Saturday, December 13, 2014

Picking up the pieces

By now it's clear that a lot of my blog posts are about things that go on in my head. Many of these ideas came to me during thru-hikes where I have lots of time to think.

And that's no accident. I was drawn to thru-hiking because it gave me time to think. Many people want me to write a book about my big hikes. But they'd probably be disappointed. They want to read about my "great adventure," but what I experienced first and foremost was what when on in my head.

I was really messed up when I first started thru-hiking. A 10-year relationship ended and I thought that I had failed. To maintain a positive self-image all those years, I'd told myself a lot of lies. I was so emotionally constipated that I honestly didn't know how I felt. I couldn't trust anything I'd decided in the last 10 years because so much had been her idea, including me becoming a Christian. I also wasn't sure about my career choice as a silicon valley engineer. I was burned out. Backpacking was a childhood interest that I could trust as my own, so I took a leave of absence and thru-hiked the Pacific Crest Trail.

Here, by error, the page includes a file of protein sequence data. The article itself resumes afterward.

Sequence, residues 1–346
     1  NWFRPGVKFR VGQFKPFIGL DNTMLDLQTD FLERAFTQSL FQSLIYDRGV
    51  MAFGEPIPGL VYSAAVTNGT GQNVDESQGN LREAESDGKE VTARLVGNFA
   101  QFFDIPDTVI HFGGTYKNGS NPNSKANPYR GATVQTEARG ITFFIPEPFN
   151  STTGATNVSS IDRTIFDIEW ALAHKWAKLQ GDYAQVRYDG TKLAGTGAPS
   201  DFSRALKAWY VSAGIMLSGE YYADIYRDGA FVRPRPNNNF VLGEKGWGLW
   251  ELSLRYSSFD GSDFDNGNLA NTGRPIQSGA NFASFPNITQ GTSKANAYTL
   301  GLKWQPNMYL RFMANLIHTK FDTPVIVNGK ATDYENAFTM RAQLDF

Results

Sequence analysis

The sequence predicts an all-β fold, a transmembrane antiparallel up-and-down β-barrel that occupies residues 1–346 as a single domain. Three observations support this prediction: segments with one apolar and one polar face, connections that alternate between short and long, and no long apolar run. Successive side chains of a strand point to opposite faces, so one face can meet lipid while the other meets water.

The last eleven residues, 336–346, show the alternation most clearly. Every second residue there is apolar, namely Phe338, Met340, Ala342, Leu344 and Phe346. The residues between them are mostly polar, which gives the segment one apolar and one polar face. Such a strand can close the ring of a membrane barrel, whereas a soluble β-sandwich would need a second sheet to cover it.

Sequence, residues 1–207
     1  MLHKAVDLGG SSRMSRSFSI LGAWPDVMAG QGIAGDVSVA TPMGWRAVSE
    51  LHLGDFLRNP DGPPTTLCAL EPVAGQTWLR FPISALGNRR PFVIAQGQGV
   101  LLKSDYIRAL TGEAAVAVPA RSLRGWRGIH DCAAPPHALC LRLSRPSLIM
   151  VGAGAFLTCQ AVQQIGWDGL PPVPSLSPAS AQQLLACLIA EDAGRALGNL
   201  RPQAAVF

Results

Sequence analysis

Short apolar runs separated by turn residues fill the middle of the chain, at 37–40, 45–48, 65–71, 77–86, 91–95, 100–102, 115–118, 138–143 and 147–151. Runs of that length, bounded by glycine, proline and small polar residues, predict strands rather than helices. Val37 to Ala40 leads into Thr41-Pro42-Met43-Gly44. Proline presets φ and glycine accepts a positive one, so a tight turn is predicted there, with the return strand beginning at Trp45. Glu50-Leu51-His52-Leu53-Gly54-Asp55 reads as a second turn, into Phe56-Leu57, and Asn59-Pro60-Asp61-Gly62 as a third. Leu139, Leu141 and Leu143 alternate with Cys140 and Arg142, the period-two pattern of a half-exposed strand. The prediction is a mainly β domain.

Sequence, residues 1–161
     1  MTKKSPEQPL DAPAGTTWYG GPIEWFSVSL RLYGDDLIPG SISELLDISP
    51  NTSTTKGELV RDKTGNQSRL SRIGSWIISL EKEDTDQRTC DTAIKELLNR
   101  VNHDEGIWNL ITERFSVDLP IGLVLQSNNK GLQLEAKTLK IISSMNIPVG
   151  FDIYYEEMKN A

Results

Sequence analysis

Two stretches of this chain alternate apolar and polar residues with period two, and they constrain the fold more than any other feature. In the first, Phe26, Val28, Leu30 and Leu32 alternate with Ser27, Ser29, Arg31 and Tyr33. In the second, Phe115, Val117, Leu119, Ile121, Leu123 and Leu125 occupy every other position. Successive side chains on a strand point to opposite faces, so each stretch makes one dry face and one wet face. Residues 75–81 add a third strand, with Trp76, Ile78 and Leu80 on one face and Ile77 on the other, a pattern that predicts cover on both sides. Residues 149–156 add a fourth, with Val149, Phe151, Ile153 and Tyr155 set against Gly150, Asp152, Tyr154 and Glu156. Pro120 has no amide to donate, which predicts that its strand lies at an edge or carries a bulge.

It was a good thing that my dad came along on that thru-hike. His presence helped distract me from the potential avalanche of raw feelings that would have overwhelmed me. And I really enjoyed getting to know him as a person.

For a long time, thoughts and memories danced randomly through my brain. But which were mine?
Like Descartes, who based his pyramid of thought on "I think, therefore I am," I started with a quote from the Bible. "And you shall know the truth, and the truth shall set you free." John 8:32

It surprised me that I started with the Bible, because as I said earlier, becoming a Christian was my girlfriend's idea, and thus on the list of the most questionable aspects of who I really am. But it made logical sense that sorting out the truth might be a good place to start.

I was not ready to handle truth, so I started with lies. I knew that I had lied to my girlfriend, telling her things I thought would make her happy. "Sure honey, I'd love to do that." But when it later became clear that I didn't, she was hurt. That led to guilt. Guilt led to more lies and more hurt. Unwinding that loop of lies allowed me to realize that I wanted that relationship to end! I was not a failure; I was free!

1 comment:

Andrea in ABQ said...

Another hiker and blogger has dug into the psychology aspects as well, and written a book about it: I do believe that the mental work that is done on a hike IS something folks want to read about; it is just not exactly the same group of folks that want to read adventure stories.

Cheers, be well, and hope to chat with you soon, Brian.

Andrea . . . of Hardrock days and that teeny tiny Stony Pass section with you in 2001.